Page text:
Championship Game: Beat Michigan, 82-76

Head Coach: Rick Pitino

Entry redacted by the NCAA. Sorry, Cardinals.

 

26. 2000 Michigan State

Record: 32-7, 13-3 Big Ten

Championship Game: Beat Florida, 89-76

Head Coach: Tom Izzo

For all the Final Four runs in his illustrious career, Tom Izzo has just one national championship. It came in 2000, when Morris Peterson led the Spartans' corps of Flint, Michigan-raised "Flintstones" to championship glory.

 

Michigan State won in a Final Four that included a pair of No. 8 seeds, and concluded with a championship tilt against fifth-seeded Florida.

 

27. 1989 Michigan

Record: 30-7, 12-6 Big Ten

Championship Game: Beat Seton Hall, 80-79 (OT)

Head Coach: Steve Fisher

With Bill Frieder bolting Michigan for Arizona State at season's end, Bo Schembechler made the bold and unorthodox decision to cut ties early and install Fisher, the assistant coach, at the helm just before the 1989 NCAA Tournament.

 

The move paid dividends: Fisher led a roster featuring Loy Vaught, Terry Mills and Glen Rice to the title, culminating in an overtime win over Seton Hall.

 

28. 2010 Duke

Record: 35-5, 13-3 ACC

Championship Game: Beat Butler, 61-59

Head Coach: Mike Krzyzewski

The fourth national championship of Krzyzewski's career might mark his best coaching job. Every other Duke team to win the crown featured future NBA players, including some All-Stars. When the Blue Devils heard "One Shining Moment" at Lucas Oil Stadium in Indianapolis, the best player on the court that night actually played for mid-major upstart Butler: That was Gordon Hayward, whose three-quarter-court heave nearly became the most shocking moment in Tournament history.

 

29. 2006 Florida

Record: 33-6, 10-6 SEC

Championship Game: Beat UCLA, 73-57

Head Coach: Billy Donovan

Despite a downturn midway through the season, which dropped the at-one-time No. 1-ranked Gators down to a No. 3 seed on Selection Sunday, Florida rallied in time for the NCAA Tournament.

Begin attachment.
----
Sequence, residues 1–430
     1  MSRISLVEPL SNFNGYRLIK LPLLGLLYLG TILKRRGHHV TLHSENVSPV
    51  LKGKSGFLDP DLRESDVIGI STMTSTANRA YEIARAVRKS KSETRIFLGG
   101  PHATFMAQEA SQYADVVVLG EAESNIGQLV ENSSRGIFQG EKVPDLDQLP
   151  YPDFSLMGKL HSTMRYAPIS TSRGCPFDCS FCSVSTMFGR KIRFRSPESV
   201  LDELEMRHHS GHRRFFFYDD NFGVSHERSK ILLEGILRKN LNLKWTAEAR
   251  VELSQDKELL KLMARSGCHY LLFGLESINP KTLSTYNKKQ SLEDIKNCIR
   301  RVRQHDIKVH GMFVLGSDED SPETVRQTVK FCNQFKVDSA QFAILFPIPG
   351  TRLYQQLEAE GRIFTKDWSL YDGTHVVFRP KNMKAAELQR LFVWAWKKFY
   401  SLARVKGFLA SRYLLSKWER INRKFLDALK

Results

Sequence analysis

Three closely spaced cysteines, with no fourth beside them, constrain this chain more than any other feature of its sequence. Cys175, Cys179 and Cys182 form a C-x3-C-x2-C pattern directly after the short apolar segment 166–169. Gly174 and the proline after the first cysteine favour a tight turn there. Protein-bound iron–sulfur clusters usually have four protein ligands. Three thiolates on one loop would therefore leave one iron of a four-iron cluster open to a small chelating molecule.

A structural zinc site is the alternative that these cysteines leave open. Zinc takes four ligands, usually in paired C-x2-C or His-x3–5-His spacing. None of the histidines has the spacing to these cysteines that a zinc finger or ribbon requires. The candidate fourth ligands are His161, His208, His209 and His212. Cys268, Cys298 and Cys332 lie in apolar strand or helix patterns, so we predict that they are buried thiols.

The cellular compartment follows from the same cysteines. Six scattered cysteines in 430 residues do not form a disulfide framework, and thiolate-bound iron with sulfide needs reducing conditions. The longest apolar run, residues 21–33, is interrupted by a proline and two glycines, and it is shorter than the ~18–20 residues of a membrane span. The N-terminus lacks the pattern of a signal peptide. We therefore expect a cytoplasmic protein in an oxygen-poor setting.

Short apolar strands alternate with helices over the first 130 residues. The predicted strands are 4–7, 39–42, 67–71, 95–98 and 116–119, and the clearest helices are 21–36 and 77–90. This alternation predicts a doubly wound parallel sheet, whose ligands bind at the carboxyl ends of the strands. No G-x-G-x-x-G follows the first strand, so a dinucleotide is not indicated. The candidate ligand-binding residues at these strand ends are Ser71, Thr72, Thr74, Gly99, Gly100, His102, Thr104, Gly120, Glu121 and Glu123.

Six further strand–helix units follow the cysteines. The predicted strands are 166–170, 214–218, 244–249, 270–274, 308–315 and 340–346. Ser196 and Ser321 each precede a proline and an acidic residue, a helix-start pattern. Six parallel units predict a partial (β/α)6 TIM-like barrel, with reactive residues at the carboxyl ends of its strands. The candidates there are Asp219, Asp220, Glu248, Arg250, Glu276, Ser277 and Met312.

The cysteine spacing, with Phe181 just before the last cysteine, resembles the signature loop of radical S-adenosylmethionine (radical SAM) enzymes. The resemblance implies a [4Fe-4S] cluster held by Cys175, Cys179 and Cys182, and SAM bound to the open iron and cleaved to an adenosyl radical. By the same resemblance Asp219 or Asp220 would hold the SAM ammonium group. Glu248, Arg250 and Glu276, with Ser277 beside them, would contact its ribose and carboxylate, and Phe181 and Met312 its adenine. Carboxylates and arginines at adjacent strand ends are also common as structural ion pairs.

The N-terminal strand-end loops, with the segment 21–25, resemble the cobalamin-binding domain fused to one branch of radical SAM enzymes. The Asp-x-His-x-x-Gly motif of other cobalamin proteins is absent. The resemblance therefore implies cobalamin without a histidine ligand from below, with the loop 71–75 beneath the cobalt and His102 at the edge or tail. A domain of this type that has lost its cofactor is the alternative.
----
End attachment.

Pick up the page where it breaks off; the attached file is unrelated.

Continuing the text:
Joakim Noah winning Most Outstanding Player was a perfect snapshot of the defensively tenacious brand of basketball Florida employed on its way to the program's first national championship, after having reached a pair of Final Fours in the preceding 12 years (1994 and 2000).

 

30. 1986 Louisville

Record: 32-7, 10-2 Metro

Championship Game: Beat Duke, 72-69

Head Coach: Denny Crum

The 1986 NCAA Tournament ranks among the wildest since the field expanded to 64 teams, with a No. 11-seeded LSU joining Duke and Kansas in the Final Four. The Cardinals' second national championship in six years ended with freshman "Never Nervous" Pervis Ellison winning Most Outstanding Player.

 

31. 1988 Kansas

Record: 27-11, 9-5 Big 8

Championship Game: Beat Oklahoma, 83-79

Head Coach: Larry Brown

The 11 losses a Danny Manning-led Kansas team carried into the NCAA Tournament remain the most ever for a national championship-winning team. They are not called "Danny and The Miracles" for nothing.

 

However, with Manning ripping off one of the single greatest individual performances in Tournament history, the Jayhawks — coached by legendary Larry Brown — beat an outstanding Oklahoma team in Kansas City (just 40 miles from KU's campus).

 

32. 2011 UConn

Record: 32-9, 9-9 Big East

Championship Game: Beat Butler, 53-41

Head Coach: Jim Calhoun

In the first year of a 68-team NCAA Tournament, Connecticut needed a run in the preceding week's Big East Tournament to ensure its spot in the field. Like a champion at Iditarod, Kemba Walker played the role of lead husky to perfection.

 

Walker's transcendent performance throughout the month of March led UConn through the Big East Tournament, and then to hoist the hardware in Houston after beating Butler in one of the ugliest games in Tournament history.

 

33. 2014 UConn

Record: 32-8, 12-6 American Athletic

Championship Game: Beat Kentucky, 60-54

Head Coach: Kevin Ollie

Three years after Kemba Walker flipped a switch and carried UConn to the mountain top, Shabazz Napier made lightning strike twice. Napier powered the 2013-14 Huskies on a similar late-season surge to capture the program's fourth national championship in just 15 years.

 

34. 1985 Villanova

Record: 25-10, 9-7 Big East

Championship Game: Beat Georgetown, 66-64

Head Coach: Rollie Massimino

How fitting that the ultimate underdog won the first national champion crowned after the format of the NCAA Tournament changed to allow for more opportunities.

 

Villanova probably would not have made the field in 1984. In '85, however, Ed Pinckney and Co. capitalized on their opportunity — and the lack of a shot clock. Rollie Massimino used a slow-down style to neutralize the more athletic defending champions from Georgetown. Combined with a stellar shooting performance, the Wildcats set off March Madness in style with a surprise national championship.

 

— Written by Kyle Kensing, who is part of the Athlon Contributor Network and a sportswriter in Southern California. Kensing is publisher of TheOpenMan.com. Follow him on Twitter @kensing45.

 

(Top photo courtesy of Getty Images)

Event Date: 
Monday, April 2, 2018 - 12:48

More Stories: